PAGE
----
Hyperloop One is apparently in desperate straits, the unicorn nearly laid off 300 employees because it was close to running out of cash, The Los Angeles Times reported.
The company was rescued by a $50 million infusion of venture capital from DP World of Dubai and Russia’s Caspian Venture Capital, Axios reported. The same story claimed that billionaire celebrity Sir Richard Branson has been named Chairman of Hyperloop One’s Board of Directors.
Branson and his Virgin Group were among the investors who sank $85 million in Hyperloop One in October. Hyperloop One is having some other problems, founder, managing director and Chairman, Shervin Pishevar, has taken a leave of absence after five women accused him of sexual harassment.
Hyperloop One Founder accused of Rape and Sexual Harassment
Pishevar stepped down on 5 December after Bloomberg exposed the allegations, Ars Technica reported.
Those troubles are the least of Pishevar’s problems; the venture capitalist was reportedly arrested for rape in London in May 2017. The rape investigation was dropped because of a lack of evidence, a letter from the Comptroller and the Solicitor City of London indicates.
Pishevar has also sued a Republican consulting firm called Definers, which he accused of running a smear campaign against him. He did not say why Definers is out to get him.
After those allegations, it might be a good idea to remove the word Virgin from Hyperloop One’s name. Having a name with sexual connotations seems like lousy PR for a company plagued by sexual harassment charges.
Hyperloop One Hits new Speed Record
There is some good news at Hyperloop One; the company tested its XP-1 prototype pod at 387 kilometers per hour (240 miles per hour) on 19 December 2017, Ars Technica reported.
The speed is higher than that achieved by the fastest regular commercial train service in the world the French Train a Grand Vitesse (TGV), Ars Technica reported. The TGV regularly travels of speeds around 300 KPH or 186 mph. It is still slower than the TGV’s fastest speed of 515.3 kilometers per hour (320 miles per hour).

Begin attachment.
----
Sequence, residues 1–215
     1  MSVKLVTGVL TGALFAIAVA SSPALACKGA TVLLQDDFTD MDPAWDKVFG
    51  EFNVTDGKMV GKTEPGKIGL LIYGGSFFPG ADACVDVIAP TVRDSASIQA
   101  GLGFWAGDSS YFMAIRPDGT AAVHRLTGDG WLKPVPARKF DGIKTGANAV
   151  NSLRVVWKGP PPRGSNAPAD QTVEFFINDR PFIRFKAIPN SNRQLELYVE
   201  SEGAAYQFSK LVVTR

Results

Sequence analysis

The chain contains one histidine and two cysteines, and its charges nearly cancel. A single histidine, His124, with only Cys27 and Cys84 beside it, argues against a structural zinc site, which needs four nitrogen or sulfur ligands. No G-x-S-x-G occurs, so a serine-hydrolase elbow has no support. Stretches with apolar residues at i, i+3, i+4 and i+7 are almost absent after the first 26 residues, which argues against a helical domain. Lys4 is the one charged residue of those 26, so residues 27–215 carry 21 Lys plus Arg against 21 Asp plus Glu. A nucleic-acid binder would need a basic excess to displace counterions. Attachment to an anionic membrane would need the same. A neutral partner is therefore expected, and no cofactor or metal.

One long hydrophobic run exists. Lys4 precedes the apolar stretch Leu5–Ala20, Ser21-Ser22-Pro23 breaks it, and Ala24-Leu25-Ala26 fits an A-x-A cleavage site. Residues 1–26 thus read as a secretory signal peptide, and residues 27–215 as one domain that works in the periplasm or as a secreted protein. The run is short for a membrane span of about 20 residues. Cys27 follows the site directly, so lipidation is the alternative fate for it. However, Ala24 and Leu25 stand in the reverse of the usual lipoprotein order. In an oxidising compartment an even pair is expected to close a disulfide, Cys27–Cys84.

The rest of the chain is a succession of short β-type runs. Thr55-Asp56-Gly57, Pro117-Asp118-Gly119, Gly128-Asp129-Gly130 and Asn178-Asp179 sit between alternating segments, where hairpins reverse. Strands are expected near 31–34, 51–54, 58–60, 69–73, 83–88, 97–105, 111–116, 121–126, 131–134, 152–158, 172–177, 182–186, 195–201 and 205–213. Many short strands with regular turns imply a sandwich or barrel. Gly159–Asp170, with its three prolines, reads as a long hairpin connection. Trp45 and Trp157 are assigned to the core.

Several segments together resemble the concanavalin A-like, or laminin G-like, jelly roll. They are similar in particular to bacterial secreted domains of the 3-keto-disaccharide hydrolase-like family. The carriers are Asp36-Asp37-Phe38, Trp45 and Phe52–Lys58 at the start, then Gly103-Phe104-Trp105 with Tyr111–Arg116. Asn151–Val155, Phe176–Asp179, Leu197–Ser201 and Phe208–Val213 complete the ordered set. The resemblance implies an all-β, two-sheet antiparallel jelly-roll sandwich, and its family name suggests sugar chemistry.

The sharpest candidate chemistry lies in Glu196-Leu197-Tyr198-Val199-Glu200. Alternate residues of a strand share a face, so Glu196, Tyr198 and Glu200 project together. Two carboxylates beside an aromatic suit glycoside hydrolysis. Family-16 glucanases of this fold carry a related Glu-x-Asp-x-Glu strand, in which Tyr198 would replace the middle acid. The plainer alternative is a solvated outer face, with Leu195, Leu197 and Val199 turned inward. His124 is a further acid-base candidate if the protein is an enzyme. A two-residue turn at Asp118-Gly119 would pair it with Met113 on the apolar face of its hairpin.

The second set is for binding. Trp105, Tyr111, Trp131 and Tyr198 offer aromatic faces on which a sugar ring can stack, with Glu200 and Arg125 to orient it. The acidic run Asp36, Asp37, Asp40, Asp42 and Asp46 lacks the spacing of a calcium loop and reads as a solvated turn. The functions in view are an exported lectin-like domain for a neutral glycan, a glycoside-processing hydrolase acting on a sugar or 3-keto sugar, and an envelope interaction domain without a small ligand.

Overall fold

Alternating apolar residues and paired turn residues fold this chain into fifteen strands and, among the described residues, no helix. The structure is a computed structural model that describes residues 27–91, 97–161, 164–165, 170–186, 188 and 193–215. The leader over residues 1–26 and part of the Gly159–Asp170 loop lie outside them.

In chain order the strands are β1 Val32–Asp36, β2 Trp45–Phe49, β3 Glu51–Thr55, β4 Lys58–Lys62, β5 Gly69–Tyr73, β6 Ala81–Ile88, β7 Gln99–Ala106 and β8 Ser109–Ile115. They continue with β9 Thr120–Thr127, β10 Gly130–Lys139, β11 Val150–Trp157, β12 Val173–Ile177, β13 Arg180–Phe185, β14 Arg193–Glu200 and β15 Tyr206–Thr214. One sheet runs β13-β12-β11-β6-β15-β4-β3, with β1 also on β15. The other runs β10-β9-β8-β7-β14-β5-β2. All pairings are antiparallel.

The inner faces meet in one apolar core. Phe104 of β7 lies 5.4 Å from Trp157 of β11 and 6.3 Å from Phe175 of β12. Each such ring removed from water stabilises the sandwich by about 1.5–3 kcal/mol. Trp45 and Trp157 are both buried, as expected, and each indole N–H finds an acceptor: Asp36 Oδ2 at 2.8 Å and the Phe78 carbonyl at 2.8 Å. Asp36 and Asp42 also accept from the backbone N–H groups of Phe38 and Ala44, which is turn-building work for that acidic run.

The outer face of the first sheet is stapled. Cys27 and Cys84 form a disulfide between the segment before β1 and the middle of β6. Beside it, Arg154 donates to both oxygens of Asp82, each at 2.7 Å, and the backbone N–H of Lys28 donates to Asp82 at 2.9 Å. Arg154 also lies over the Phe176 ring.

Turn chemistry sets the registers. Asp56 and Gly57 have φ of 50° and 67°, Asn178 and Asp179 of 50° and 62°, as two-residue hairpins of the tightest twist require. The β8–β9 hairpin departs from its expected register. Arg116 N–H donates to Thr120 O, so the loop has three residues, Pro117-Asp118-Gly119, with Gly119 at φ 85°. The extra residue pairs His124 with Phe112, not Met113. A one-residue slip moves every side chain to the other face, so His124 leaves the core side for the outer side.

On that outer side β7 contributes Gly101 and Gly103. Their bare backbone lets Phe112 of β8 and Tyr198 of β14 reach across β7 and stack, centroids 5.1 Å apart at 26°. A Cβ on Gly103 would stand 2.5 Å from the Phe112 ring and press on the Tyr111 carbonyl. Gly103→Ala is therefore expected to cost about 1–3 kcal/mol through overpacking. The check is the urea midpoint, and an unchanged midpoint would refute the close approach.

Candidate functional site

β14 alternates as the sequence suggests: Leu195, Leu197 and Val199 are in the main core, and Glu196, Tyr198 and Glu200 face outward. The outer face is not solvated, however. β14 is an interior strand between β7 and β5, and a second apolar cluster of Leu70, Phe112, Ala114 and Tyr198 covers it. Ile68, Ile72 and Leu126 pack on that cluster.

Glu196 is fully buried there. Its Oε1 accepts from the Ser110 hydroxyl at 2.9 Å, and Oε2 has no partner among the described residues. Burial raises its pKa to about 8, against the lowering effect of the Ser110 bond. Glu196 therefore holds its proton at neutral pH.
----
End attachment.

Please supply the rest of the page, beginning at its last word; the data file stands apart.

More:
Another record that Hyperloop One will have to beat is that set for a maglev (magnetic levitation) train. A Japanese maglev set a speed record of 603 KPH (374 mph) while carrying passengers in 2015.
The next big milestone that the X-P1 will have to hit is to move at those high speeds while carrying passengers. There are also some serious problems with the Hyperloop infrastructure; including pressurizing and de-pressurizing the system.
To achieve those speeds, Hyperloop One has to lower the pressure inside its tubes to the equivalent of 200,000 feet (60,960 kilometers) above sea level. That allows the pods to move at speeds rivaling those of fighter jets and airliners.
The record was achieved at Hyperloop One’s test track in North Las Vegas, Nevada. That means Hyperloop One is still the leader in the Hyperloop race despite all its problems. More funding and responsible leadership are needed. Hopefully; Hyperloop will be able to lure somebody like Bill Gates to join its board, and gain some respectability.
The extra funding should enable Hyperloop One to start testing its pods with human beings and animals in them sometime next year. That will undoubtedly lead to new controversies and probably attract the attention of animal rights protestors.